Quotas have provided a lightning rod for debate about gender balance in the corporate sector ever since I started writing about the subject, covering such events as the pioneering Women’s Forum in Deauville and latterly our own Women at the Top conference. In recent years, even those who initially opposed firm quotas – such as Anne Lauvergeon of Areva and Christine Lagarde, France’s finance minister – have started to come round to the idea.
Egon Zehnder International, the executive search firm, has looked at the background of the CEOs in the FT’s ranking of the top 50 women in world business. All but three share one crucial attribute: they’ve had hands-on management experience.
This puts them in a minority even among women in business. A separate EZI study of female executive directors in Europe shows over 70 per cent are in support functions, such as finance, human resources or marketing. Yet line management is the route to the top. For instance, the FT’s number 6, Ursula Burns, started in various assistant roles at Xerox but used the role of vice-president of global manufacturing as a stepping stone to the CEO job.
The appointment of Banesto’s chief executive Ana Patricia Botín as chief executive of Santander UK, the big Spanish bank’s British arm, will put one of Spain – and Europe’s – top businesswomen under even more scrutiny. As the FT’s Madrid correspondent Victor Mallet writes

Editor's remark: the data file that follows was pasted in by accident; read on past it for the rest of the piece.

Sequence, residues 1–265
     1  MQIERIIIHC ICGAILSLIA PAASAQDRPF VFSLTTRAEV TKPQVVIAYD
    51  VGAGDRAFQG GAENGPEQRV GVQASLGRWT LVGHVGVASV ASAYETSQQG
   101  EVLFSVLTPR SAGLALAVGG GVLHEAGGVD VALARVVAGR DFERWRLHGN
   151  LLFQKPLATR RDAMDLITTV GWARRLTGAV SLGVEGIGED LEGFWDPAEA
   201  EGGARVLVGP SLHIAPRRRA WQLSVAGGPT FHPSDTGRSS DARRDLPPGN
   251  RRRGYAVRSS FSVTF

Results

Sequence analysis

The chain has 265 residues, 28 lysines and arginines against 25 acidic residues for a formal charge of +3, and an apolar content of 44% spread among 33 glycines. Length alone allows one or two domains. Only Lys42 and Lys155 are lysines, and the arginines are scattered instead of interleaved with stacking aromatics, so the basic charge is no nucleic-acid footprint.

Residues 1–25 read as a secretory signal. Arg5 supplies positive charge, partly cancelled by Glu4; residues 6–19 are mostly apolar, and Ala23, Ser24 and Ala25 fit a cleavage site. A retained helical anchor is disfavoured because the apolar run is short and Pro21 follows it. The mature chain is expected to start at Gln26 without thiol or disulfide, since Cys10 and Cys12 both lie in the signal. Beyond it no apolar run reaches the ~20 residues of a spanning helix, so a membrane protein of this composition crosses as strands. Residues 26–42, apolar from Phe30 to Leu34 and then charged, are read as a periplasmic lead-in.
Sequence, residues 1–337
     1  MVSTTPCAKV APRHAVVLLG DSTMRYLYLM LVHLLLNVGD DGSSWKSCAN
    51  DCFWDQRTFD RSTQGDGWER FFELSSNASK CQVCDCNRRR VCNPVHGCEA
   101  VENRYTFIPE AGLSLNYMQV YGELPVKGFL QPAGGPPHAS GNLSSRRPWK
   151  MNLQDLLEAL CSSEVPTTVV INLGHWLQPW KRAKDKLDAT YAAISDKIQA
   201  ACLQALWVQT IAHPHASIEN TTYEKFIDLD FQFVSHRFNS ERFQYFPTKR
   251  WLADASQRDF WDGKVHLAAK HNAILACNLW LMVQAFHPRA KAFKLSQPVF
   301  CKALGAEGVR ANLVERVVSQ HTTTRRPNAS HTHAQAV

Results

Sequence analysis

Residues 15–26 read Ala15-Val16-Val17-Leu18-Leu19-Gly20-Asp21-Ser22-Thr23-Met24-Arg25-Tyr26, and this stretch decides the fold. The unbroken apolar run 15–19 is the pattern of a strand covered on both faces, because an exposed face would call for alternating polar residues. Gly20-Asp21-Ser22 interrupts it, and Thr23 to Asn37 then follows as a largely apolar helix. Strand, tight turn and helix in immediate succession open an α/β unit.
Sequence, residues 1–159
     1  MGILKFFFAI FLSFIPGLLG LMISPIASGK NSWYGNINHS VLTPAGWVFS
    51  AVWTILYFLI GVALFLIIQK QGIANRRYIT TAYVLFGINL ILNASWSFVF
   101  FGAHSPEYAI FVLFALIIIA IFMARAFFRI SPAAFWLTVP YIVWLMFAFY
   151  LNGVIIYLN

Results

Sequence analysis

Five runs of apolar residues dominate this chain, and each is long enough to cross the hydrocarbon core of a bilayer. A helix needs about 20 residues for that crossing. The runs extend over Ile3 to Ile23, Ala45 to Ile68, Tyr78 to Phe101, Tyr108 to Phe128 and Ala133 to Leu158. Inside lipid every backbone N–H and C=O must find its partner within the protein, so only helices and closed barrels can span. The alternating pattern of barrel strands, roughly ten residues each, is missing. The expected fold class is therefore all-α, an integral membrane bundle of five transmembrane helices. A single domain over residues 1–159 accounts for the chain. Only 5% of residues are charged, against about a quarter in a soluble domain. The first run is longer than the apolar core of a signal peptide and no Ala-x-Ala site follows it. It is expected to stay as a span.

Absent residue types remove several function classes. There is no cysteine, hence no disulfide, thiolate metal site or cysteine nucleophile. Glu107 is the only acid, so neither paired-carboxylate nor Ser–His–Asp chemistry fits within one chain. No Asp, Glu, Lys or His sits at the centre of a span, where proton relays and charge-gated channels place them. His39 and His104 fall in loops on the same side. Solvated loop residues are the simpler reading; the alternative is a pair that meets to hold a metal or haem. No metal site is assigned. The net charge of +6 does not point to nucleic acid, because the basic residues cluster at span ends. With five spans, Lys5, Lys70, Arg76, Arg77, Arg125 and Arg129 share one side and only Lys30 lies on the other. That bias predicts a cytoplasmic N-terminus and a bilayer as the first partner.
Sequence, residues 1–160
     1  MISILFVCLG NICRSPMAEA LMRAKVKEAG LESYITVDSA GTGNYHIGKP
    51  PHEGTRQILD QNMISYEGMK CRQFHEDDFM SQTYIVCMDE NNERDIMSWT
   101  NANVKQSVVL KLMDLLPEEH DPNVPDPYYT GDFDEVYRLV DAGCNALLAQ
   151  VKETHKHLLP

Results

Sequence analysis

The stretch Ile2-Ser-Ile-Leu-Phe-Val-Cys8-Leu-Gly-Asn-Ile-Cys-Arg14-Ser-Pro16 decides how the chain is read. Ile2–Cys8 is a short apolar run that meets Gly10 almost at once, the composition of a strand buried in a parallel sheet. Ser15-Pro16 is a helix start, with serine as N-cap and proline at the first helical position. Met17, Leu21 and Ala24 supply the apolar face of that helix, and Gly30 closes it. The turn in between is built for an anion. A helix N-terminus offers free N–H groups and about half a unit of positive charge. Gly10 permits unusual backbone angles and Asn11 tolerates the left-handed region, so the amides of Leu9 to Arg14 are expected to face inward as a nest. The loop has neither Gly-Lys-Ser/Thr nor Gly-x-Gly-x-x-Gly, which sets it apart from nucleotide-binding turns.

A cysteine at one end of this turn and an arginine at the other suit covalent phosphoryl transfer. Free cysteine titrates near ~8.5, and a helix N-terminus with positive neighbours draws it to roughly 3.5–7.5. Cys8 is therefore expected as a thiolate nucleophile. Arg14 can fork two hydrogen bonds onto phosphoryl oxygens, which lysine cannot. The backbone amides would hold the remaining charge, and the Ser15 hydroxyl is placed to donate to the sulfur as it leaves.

The 50-year-old daughter of Emilio Botín, Santander’s veteran executive chairman, is regarded among Spanish bankers as the heiress apparent who will run the eurozone’s biggest banking group by market capitalisation when her father finally retires.
For Botín, that “heiress” tag is double-edged. Leslie Crawford, then Madrid correspondent, wrote about the bank executive in 2005. She first met her in Mexico in the 1990s and described her as “the very model of a modern female conquistador”.
Mentoring has received a weighty stamp of approval from the Bank of England, which this week hosted a half-day colloquium about “widening the circle” of non-executive directors to include more women.
The Old Lady of Threadneedle Street – as the UK central bank is known – rarely lifts her skirts for private gatherings. When she does, however, she can certainly turn heads: 90 people attended, of whom 16 chair blue-chip FTSE 100 companies, and 10 head companies in the FTSE 250.